Holding on to hope in the most difficult of times is one of the trials we all face. One might be reminded of Gandalf’s wise words to the hobbits, that “all we have to decide is what to do with the time given to us.” Or when Gandalf says, “there never was much hope, only a fool’s hope.” It’s hard to have hope when everything is crashing down around us, when our lives are falling apart. One can’t imagine all that Job has been through, or even Bartimaeus—who, as a blind man, would have been forced to beg because he would have been considered unclean and unable to work. But the awe of God is the beginning of wisdom and understanding. Knowing that our God is the God who created the whole universe—this is the beginning of all knowledge. And it gives us hope. The same God who made everything made us, knows us, knows what we have been through, and will see us through, especially the marginalized: the poor, disabled, and disenfranchised. This same God accepts us as we are and loves us. From the beginning to the end, God is still God, and God is still with us.

Call to Worship (from Psalm 34:1, 3-4, 8)
I will bless the Lord at all times;
God’s praise shall continually be in my mouth.
O magnify the Lord with me;
And may we exalt God’s name together.
When we seek the Lord, God answers us;
God delivers us from our fears.
O taste and see that the Lord is good;
Happy are those who take refuge in God.
We will bless the Lord at all times;
We will worship God now and in every moment.

Prayer of Brokenness/Confession
God, we come before You with our brokenness. We have been battered and beaten down by the world. Some of us have been on the margins far too long. Some of us have recently been pushed there and are awakening to how unjust the world is. Some of us have not experienced injustice directly, but we see the brokenness around us: the people who live on the streets, the people without access to health care, the people who face fear of deportation. Some of us have been crying out so long our voice is hoarse; we have nothing left, no one has heard us.
But we know, O God, the stories of long ago. We remember how Hagar, oppressed and rejected, named you the God Who Sees, and her child God Hears. You are indeed the God Who Hears, the God Who Sees. You are the God Who Knows. And You are the God who brings us together and heals us in our brokenness. May we see You in the faces of those around us. May we hear You in the voices of those crying out. And may we be in solidarity with all on the margins, and work for justice and healing in this world. In the name of Christ, who died as one of the lost and the least, and was raised, we pray all things. Amen.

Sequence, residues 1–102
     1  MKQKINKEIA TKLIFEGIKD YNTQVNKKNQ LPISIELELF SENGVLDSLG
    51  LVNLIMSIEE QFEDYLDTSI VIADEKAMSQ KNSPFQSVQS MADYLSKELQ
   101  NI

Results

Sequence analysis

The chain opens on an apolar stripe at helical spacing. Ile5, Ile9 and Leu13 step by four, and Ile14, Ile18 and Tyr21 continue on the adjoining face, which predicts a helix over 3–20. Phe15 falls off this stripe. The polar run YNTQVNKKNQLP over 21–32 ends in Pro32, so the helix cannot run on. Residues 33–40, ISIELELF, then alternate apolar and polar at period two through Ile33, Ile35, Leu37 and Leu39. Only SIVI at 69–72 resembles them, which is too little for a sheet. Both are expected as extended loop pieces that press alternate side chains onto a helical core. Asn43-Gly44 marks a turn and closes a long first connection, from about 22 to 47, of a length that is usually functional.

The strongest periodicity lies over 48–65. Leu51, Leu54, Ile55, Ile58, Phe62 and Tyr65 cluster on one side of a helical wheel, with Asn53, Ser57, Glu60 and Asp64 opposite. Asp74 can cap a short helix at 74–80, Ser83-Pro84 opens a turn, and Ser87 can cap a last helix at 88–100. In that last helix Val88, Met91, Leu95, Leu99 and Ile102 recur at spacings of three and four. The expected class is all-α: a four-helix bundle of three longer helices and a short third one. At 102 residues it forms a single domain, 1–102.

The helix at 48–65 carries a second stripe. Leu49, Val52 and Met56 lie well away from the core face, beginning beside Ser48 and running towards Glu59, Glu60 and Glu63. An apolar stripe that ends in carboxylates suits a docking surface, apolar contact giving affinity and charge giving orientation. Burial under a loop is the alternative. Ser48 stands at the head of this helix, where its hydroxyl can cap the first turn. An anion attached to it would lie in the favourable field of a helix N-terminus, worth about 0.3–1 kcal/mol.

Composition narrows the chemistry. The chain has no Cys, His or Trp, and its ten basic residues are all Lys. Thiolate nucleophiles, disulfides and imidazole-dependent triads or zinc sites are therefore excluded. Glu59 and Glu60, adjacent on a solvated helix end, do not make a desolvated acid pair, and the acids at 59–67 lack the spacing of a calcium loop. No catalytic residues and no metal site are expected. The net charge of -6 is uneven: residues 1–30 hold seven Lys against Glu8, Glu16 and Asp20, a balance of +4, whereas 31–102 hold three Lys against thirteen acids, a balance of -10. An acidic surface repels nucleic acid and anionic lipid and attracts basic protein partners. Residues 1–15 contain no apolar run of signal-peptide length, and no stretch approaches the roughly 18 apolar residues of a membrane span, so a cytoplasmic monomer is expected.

The psalms tell us that God formed us, and knows our inmost parts, our deepest wounds, our darkest thoughts—and loves us beyond all measure. God knows where we hurt, the pain we dare not speak aloud. God is there for us, and God has sent us to be there for each other. Lift up one another. Love one another. Repent where you have gone wrong. When possible, forgive one another. When possible, seek healing and restoration. Our God is good. Our God is eternal. Our God is love. And love will remain with us, through death and life, always. Amen.

Wondrous Creator, You made a world that births new life out of destruction. Volcanoes erupt and storms break out. Earthquakes tear apart and tsunamis wash over. But in all the destruction comes restoration. Green shoots burst forth from ash-laden soil. Waves after the storm smooth the sand and restore the coastlines. The ground settles after quakes, and the world continues on. You are the God of Restoration. You are the God of Healing. Help us to heal the earth that we have damaged. Help us to mend the relationships we have broken. Help us to repent and turn back to You, seek forgiveness for where we have gone wrong, and join with You in restoring our world. Help us to remember Your intention for us to be co-creators with You. In the name of Christ, who calls us to be born anew, to become a new creation, we pray. Amen.